Sep 15, Paul Muller rated it liked it. This book started out very well. I enjoyed learning about the process of creating a Green Beret. As some others have stated, the dialogue did seem a little too polished and unnatural, which was distracting. The second part of the book seemed to be bogged down with details that detracted from the overall impact of the book. It could be that I am going through the Army Staff College right now and the last thing I wanted to do was read about the military decision making process, but I felt that the This book started out very well.
It could be that I am going through the Army Staff College right now and the last thing I wanted to do was read about the military decision making process, but I felt that the second half of the book dragged on from the description of the individual specialty training onward. Overall it was solid, but started better than it finished. Jan 25, Julie rated it really liked it. Not sure what other people expected, but I liked it. I enjoyed how the author mixed the technical and the personal. You could tell he had respect for and felt brotherhood with these men.
It had some of the best quotes! I also realized early on that I was going to have to take notes because he gave me so many things I wanted to know more about. Their lifetime commit Not sure what other people expected, but I liked it. In combating terror, America can no longer depend on its conventional military superiority and the use of sophisticated technology. Following the experiences of one class of soldiers as they endure this physically and mentally exhausting ordeal, Couch spells out in fascinating detail the demanding selection process and grueling field exercises, the high-level technical training and intensive language courses, and the simulated battle problems that test everything from how well SF candidates gather operational intelligence to their skills at negotiating with volatile, often hostile, local leaders.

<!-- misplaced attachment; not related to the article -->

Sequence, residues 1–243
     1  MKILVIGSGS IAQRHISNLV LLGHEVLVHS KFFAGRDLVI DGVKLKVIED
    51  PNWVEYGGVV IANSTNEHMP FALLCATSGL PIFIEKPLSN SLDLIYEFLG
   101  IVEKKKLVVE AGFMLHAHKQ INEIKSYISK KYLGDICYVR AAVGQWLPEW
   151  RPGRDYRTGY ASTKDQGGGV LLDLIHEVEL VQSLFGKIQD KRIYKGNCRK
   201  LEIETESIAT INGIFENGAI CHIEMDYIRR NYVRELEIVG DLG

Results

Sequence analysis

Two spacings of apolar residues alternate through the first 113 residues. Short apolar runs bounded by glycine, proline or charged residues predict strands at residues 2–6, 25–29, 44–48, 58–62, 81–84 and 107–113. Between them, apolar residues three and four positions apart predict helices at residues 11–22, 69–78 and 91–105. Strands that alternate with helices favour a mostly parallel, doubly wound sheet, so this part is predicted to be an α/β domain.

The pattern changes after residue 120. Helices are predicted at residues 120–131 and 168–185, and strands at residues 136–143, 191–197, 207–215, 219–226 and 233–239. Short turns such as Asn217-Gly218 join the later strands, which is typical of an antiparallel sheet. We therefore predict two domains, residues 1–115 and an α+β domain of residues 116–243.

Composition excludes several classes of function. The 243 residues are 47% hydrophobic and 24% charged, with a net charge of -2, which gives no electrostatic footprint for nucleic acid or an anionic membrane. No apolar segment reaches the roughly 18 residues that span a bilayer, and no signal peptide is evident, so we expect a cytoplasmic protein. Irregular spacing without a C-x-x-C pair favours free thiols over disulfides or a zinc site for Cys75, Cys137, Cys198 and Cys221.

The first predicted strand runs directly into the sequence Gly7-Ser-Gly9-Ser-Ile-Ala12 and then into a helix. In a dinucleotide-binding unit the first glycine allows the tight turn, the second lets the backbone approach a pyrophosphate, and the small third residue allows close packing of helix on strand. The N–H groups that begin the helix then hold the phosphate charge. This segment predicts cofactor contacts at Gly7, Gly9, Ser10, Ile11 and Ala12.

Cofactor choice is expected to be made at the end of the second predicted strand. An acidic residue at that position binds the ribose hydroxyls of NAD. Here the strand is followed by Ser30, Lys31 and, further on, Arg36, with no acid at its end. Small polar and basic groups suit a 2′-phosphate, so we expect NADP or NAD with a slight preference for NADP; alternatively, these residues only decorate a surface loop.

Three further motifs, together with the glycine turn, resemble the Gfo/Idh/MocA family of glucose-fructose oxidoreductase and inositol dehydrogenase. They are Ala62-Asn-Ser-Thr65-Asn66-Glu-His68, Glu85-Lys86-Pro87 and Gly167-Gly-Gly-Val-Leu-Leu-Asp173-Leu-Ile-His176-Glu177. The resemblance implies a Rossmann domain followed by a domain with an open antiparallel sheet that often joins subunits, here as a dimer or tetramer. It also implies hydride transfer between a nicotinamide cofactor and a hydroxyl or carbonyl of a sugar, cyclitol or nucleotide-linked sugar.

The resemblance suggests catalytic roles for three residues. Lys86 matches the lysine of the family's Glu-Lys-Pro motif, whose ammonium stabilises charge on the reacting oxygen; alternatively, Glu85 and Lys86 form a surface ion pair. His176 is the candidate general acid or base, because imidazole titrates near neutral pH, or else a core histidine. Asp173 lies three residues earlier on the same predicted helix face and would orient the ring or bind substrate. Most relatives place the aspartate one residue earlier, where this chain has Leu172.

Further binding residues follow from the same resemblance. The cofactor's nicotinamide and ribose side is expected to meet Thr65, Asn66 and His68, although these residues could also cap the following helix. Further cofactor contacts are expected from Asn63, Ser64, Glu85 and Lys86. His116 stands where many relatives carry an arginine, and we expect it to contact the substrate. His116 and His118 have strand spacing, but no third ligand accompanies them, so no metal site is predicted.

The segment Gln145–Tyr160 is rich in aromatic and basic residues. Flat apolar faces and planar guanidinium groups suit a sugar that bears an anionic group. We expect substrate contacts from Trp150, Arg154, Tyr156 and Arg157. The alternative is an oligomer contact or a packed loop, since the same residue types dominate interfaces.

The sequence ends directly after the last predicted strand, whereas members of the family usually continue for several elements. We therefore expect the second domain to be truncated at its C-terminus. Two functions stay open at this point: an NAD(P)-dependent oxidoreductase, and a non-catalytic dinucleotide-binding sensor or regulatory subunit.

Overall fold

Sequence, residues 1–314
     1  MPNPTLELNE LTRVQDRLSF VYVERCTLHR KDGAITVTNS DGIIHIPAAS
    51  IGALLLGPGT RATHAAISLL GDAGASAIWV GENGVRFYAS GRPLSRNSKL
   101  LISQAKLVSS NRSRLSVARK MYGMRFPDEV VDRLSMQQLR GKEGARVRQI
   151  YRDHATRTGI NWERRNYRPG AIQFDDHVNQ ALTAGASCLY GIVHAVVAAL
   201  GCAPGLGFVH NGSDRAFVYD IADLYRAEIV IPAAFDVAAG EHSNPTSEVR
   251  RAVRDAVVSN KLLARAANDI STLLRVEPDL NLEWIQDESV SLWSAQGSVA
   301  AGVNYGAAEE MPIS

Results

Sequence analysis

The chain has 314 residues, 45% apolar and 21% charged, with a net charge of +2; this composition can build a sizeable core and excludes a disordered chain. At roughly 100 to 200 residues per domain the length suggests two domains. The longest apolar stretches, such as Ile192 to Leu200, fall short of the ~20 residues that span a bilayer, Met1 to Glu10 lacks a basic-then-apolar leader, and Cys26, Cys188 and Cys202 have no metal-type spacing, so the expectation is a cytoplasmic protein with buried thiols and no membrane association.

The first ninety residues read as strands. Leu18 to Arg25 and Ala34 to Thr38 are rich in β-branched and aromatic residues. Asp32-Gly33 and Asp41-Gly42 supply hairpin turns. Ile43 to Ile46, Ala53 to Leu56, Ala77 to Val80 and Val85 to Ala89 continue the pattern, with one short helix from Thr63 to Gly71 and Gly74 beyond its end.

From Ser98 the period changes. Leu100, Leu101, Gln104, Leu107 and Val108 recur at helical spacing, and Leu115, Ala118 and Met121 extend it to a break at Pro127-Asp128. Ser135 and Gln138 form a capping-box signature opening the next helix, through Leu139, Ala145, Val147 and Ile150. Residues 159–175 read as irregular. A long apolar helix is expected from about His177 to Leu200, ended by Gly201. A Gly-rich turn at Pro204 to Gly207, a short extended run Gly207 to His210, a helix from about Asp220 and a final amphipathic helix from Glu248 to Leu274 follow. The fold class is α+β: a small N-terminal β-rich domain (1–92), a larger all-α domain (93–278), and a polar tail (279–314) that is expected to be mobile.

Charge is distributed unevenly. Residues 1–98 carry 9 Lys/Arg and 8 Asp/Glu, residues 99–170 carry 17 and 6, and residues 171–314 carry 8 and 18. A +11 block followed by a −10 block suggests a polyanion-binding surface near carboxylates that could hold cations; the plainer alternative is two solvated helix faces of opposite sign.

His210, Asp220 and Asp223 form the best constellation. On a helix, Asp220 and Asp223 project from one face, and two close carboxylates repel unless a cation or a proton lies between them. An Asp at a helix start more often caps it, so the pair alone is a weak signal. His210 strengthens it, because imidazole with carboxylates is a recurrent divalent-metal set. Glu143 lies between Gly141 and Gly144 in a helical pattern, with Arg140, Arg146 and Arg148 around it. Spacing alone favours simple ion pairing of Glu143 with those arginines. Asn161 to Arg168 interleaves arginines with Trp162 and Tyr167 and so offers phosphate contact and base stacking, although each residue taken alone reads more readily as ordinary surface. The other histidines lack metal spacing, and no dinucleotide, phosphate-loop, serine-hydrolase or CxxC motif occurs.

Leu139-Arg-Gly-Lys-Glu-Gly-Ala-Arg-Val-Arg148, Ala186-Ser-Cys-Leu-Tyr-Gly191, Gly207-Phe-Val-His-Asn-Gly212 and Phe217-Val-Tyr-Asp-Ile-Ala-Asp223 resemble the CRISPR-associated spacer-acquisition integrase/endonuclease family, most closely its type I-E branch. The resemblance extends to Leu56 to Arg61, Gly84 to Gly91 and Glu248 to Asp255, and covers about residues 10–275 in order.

Customers who viewed this item also viewed
IN combating terror, America can no longer depend on its conventional military superiority and the use of sophisticated technology. We are fighting guerrilla wars, against insurgents hidden in remote regions, often deep among the local population. In battles such as these, squadrons of billion-dollar bombers and naval fleets mean much less than on-the-ground intelligence and the ability to organize local forces. Each year, several thousand enlisted men and several hundred officers volunteer for Special Forces training; less than a quarter of those who apply will complete the course.
Chosen Soldier spells out in fascinating detail the arduous regimen these men undergo—the demanding selection process and grueling field exercises, the high-level technical training and intensive language courses, and the simulated battle problems that test everything from how well they gather operational intelligence to their skills at negotiating with volatile, often hostile, local leaders.
They must not only be experts in such fields as explosives, communications, engineering, and field medicine, but also be able to teach those skills to others. Each and every Green Beret must function as tactical combat leader, negotiator, teacher, drill sergeant, and diplomat. These tasks require more than just physical prowess; they require a unique mix of character, intelligence, language skills, and—most of all—adaptability. From the Hardcover edition. Dick Couch is the author of The Warrior Elite: Chosen Soldier should be read by every American who despairs of finding solutions to current tumult.
Couch brings the reader inside the arduous process that makes the Green Beret the Olympic-class soldier: More accurately and revealingly than any author in recent memory, Couch shows how the finest warriors in the world are selected and trained. Chosen Soldier is a great portrayal of the heroes that defend America. Woulfe, author of Into the Crucible: